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Title: Deep fungal and higher bacterial skin infections in Thailand: Clinical manifestations and treatment regimens
Authors: Punkae Mahaisavariya
Angkana Chaiprasert
Apichati Sivayathorn
Supakan Khemngern
Mahidol University
Faculty of Medicine, Siriraj Hospital, Mahidol University
Keywords: Medicine
Issue Date: 3-May-1999
Citation: International Journal of Dermatology. Vol.38, No.4 (1999), 279-284
Abstract: Background: Deep fungal and higher bacterial skin infections occur fairly frequently in Thailand. Methods: Cases with a provisional diagnosis of deep fungal and higher bacterial infections were prospectively collected from 1994 to 1997 in the Granuloma Clinic, Department of Dermatology, Faculty of Medicine, Siriraj Hospital, Mahidol University, Bangkok, Thailand. Demographic data, clinical manifestations, causative organisms, histologic features, treatment, and outcome were investigated. Results: The total cases in a 4-year period numbered 27. The male to female ratio was approximately 1 : 1. Mycetoma was most common, followed by chromoblastomycosis. Actinomycetoma was similar in incidence to eumycetoma. The only causative organism that could be identified among the mycetoma cases was Cladosporium carrionii, which caused mycetoma of the buttock of an aplastic anemia patient at the site of bone marrow aspiration. Surgical treatment was recommended for eumycetoma. Chromoblastomycosis was caused by C. carrionii and F. compactum and responded well with itraconazole orally. Mycotic abscesses were found in four cases, basidiobolomycosis in two cases, and cutaneous nocardiosis in one case. Cotrimoxazole was recommended in the treatment of actinomycetoma, cutaneous nocardiosis, and basidiobolomycosis. Conclusions: Localized, chronic, slow, progressive, and usually asymptomatic were the main cutaneous manifestations of deep fungal and higher bacterial skin infections. A skin biopsy for histologic study and culture identification should be performed in every suspected case. The causative organisms were found in the histologic sections of every case, but only about one-third were found by culture.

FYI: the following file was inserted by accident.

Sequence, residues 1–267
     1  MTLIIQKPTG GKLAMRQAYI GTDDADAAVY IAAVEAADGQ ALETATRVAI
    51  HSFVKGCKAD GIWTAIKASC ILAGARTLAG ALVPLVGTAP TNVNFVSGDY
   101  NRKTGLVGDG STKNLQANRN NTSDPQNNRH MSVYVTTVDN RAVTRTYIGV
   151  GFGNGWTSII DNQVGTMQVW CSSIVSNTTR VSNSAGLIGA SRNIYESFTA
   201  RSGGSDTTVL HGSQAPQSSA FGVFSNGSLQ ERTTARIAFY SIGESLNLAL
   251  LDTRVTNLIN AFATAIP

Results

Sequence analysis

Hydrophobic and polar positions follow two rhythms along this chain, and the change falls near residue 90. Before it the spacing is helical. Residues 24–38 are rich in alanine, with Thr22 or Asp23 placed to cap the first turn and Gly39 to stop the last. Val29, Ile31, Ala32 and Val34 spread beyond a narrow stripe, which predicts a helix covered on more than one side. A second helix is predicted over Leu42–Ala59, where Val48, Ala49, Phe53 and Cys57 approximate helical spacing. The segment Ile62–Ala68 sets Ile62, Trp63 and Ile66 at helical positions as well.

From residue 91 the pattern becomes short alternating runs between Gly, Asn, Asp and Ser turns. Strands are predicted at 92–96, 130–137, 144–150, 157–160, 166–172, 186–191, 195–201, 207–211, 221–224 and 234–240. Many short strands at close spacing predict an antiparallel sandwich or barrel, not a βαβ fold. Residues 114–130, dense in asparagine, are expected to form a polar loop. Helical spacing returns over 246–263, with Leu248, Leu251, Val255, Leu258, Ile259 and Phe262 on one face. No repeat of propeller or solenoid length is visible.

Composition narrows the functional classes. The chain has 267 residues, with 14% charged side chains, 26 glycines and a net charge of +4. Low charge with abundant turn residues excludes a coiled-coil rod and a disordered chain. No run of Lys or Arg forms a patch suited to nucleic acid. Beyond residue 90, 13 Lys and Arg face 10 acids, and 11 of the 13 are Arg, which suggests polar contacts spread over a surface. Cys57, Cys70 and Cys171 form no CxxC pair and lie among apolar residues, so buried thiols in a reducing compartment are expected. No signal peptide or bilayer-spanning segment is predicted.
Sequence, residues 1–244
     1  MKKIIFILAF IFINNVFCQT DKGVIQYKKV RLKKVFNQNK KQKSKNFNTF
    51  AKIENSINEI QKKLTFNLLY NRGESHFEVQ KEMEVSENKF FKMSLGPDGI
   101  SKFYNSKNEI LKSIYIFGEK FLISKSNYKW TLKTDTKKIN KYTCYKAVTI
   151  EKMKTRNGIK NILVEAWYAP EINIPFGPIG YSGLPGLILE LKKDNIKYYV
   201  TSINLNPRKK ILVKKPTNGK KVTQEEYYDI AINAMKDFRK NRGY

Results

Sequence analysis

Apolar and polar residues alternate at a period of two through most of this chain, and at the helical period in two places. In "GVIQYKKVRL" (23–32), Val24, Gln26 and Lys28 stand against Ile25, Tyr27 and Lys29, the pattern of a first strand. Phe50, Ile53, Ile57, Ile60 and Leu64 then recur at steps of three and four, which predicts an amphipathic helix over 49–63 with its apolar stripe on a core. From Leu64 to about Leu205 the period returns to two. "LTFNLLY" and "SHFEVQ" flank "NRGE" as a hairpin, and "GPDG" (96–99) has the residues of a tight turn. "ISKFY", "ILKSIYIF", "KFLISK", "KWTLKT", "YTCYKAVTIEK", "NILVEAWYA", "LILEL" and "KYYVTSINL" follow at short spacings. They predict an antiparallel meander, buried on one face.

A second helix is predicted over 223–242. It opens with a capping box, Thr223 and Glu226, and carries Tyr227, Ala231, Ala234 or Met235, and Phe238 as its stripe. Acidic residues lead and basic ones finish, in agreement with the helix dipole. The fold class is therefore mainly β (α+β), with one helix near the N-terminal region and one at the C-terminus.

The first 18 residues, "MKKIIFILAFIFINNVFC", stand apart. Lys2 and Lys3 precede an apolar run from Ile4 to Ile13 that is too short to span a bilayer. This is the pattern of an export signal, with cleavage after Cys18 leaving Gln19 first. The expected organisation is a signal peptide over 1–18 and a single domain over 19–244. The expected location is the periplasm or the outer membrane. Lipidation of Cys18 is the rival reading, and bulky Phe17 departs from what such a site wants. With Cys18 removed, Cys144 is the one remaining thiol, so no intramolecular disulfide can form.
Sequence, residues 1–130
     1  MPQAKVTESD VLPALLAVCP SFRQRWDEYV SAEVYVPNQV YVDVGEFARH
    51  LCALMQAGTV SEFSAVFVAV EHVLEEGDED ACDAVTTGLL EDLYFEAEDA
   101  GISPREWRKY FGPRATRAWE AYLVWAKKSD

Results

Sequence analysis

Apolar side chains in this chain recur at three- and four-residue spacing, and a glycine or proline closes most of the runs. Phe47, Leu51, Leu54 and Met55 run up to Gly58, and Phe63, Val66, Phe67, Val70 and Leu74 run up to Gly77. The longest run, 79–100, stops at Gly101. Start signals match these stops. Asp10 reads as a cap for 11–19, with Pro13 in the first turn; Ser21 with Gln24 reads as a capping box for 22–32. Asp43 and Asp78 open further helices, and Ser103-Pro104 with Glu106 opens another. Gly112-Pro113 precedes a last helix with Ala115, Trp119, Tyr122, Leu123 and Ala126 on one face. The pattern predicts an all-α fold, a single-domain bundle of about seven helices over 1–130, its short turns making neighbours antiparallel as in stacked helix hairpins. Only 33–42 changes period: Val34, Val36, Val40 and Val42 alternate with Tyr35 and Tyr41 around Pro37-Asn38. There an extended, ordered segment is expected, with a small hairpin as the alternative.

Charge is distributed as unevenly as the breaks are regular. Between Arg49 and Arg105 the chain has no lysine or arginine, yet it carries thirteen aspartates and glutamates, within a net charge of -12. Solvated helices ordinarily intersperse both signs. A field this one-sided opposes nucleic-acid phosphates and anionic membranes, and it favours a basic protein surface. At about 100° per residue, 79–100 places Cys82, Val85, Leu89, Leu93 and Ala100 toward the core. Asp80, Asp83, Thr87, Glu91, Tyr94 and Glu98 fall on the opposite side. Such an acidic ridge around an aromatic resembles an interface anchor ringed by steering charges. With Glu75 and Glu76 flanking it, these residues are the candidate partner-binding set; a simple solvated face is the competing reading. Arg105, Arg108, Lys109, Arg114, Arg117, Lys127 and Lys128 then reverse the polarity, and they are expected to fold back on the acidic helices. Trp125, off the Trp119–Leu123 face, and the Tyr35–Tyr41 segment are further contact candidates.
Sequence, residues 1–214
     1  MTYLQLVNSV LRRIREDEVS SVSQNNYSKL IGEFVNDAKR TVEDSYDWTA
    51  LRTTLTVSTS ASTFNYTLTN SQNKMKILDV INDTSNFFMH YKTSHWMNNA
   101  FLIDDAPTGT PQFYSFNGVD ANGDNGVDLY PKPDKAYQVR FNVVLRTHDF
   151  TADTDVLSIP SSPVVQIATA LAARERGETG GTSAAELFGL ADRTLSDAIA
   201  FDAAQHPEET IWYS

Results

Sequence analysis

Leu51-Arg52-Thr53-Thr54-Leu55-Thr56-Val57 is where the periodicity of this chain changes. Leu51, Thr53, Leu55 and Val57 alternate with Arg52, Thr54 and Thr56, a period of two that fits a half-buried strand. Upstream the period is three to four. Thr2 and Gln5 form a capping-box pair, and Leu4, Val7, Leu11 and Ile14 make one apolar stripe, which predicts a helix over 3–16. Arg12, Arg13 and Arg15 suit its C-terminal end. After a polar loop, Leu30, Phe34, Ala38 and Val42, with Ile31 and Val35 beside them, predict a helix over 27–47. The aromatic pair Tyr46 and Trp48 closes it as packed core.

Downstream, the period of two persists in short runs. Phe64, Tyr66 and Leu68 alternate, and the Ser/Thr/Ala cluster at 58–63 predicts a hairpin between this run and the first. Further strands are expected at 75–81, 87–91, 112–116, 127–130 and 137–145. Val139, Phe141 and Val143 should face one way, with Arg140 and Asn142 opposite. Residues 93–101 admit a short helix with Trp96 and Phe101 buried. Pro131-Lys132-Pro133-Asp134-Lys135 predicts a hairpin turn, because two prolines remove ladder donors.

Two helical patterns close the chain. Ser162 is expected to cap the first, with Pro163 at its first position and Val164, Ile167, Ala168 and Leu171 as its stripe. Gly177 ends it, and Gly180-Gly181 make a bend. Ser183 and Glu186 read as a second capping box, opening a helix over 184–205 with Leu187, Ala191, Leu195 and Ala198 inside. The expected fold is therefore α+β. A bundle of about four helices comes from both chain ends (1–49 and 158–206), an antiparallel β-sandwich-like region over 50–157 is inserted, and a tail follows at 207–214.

ISSN: 00119059
Appears in Collections:Scopus 1991-2000

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